LITTLETON – Each year, about 100,000 horses in the United States are sent to slaughterhouses in Canada and Mexico. That’s according to the Humane Society of the United States.
Jodi Messenich and her husband Paul are trying to save as many horses as they possibly can from suffering that fate.
“I hear about a lot of horses going to slaughter and I’d like to save them all,” Jodi said.
The Messenichs own a large ranch in Littleton. They have 45 horses.
“We rescued 90% of them,” Jodi said.
On Saturday, Jodi and her husband saved six more horses from the Centennial Livestock Auction in Fort Collins. A kill-buyer purchased the horses for about $150 a piece. The Messenichs had to pay the kill-buyer $600 for each horse to save them.
“I rescued the six, sent one to the hospital to be humanely euthanized and I have the other five here that we’ll train,” Jodi said.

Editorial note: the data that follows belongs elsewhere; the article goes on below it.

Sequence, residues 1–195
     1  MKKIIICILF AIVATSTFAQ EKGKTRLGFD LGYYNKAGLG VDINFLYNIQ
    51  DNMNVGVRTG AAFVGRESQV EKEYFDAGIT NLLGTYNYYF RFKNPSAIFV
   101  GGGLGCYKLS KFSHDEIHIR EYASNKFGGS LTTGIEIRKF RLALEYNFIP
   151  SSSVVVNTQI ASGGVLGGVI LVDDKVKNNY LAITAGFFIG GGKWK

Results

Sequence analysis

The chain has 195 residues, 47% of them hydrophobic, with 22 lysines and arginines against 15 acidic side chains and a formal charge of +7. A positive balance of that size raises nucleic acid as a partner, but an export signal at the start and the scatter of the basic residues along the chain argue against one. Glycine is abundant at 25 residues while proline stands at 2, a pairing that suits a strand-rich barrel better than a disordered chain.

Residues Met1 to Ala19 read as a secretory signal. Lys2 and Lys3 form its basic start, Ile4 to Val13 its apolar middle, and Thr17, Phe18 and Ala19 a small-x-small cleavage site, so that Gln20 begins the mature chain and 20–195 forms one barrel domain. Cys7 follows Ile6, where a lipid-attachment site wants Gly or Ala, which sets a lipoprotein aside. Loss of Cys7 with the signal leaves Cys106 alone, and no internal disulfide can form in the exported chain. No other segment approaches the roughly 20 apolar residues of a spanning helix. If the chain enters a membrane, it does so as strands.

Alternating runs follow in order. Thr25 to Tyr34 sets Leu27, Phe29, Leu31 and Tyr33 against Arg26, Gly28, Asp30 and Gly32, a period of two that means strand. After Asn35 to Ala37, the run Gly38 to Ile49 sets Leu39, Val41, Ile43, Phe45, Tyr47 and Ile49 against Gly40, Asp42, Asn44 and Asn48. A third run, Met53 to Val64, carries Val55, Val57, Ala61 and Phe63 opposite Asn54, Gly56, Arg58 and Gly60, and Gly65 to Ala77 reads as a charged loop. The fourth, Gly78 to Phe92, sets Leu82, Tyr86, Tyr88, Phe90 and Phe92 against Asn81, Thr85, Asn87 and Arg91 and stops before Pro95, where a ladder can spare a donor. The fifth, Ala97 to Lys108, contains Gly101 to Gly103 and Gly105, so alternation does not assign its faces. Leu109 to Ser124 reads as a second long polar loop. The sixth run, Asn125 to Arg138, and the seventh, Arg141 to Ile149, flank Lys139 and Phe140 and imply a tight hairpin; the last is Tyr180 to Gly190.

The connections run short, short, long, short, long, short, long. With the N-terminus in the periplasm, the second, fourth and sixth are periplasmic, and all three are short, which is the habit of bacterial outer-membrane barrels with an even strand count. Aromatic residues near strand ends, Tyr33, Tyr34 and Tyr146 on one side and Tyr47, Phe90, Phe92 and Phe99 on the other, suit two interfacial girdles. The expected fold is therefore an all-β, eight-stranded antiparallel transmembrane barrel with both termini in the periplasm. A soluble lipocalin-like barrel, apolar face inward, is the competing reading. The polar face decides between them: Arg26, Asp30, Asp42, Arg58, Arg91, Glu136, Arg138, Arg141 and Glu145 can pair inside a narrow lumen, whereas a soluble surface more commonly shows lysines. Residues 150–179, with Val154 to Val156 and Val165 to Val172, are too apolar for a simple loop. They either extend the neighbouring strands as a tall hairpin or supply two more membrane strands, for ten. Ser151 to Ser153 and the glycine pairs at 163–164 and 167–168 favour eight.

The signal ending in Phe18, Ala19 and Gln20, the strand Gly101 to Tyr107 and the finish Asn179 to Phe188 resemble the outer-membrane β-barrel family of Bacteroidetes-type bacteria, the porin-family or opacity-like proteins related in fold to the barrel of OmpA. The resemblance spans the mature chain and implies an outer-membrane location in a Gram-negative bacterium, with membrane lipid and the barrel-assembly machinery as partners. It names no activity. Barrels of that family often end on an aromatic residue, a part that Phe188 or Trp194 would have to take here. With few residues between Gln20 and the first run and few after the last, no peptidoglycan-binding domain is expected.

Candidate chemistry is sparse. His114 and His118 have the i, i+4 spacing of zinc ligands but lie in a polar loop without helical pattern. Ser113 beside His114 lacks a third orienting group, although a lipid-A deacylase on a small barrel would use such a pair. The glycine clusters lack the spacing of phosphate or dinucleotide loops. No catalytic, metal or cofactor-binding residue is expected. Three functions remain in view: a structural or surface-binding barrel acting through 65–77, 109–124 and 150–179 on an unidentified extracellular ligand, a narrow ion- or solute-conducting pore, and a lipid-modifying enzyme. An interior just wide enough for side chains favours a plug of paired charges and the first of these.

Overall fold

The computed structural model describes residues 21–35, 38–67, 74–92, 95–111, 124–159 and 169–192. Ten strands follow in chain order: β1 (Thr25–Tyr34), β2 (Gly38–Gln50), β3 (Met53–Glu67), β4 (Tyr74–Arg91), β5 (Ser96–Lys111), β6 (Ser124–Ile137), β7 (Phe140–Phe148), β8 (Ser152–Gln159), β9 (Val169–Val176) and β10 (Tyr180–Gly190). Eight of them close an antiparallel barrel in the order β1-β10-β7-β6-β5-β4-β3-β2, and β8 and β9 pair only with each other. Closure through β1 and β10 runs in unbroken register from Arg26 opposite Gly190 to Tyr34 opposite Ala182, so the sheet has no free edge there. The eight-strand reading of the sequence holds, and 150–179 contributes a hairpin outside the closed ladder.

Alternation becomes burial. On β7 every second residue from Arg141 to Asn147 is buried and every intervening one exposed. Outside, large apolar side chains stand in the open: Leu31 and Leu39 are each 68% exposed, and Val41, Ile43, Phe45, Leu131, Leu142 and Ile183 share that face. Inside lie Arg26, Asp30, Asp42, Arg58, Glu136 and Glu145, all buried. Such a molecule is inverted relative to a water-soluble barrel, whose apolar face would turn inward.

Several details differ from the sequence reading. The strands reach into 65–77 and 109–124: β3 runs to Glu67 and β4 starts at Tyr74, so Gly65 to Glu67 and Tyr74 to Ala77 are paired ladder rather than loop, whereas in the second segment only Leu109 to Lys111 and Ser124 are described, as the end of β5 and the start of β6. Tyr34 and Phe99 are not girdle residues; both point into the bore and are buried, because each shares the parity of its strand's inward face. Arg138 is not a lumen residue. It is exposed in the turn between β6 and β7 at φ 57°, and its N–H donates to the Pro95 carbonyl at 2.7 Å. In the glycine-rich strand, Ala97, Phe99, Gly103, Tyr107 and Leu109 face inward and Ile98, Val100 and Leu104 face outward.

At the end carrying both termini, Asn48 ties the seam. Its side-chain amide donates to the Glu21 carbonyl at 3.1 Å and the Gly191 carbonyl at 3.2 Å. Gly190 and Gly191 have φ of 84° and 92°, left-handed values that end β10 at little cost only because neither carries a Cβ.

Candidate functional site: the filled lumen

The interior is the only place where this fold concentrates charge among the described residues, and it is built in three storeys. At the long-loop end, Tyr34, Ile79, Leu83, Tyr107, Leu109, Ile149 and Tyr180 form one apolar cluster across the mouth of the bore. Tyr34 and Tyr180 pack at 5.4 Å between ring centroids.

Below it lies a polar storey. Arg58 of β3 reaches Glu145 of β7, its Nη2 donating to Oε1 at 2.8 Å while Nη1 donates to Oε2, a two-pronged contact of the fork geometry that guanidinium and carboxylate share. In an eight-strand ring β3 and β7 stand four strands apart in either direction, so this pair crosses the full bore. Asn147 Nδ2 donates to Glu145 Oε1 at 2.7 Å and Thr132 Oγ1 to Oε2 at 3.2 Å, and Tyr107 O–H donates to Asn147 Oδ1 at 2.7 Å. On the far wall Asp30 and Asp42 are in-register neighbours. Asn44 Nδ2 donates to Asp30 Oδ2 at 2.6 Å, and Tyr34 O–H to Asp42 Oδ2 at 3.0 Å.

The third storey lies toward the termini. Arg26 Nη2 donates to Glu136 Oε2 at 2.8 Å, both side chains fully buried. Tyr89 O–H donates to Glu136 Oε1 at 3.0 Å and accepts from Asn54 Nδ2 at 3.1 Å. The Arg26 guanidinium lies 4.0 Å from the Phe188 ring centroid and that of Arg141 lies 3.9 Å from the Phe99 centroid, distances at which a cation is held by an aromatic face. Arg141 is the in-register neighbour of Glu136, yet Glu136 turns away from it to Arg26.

The five horses that survived are obese. The person who owned them fattened them up so he or she could collect a large profit at the auction.
On average, a horse at an auction goes for about 15 to 30 cents a pound. A normal horse weighs about 1,000 pounds.
Kill-buyers purchase the horses so they can send them to slaughter-houses in Canada and Mexico, where they’re destroyed for meat.
On top of the $600 purchase price for each horse, the Messenichs say they’ll have to pay even more to get them back in shape.
“A year with these guys, it’s probably a $60,000 cost,” Jodi said.
Jodi spent her life working as a marketing director and her husband worked in the telecommunications business. They’re spending their retirement funds to save as many horses as they can.
Jodi named her ranch “Zuma’s Rescue Ranch” after the first horse she rescued. To learn more about her non-profit program, head to www.zumasrescueranch.com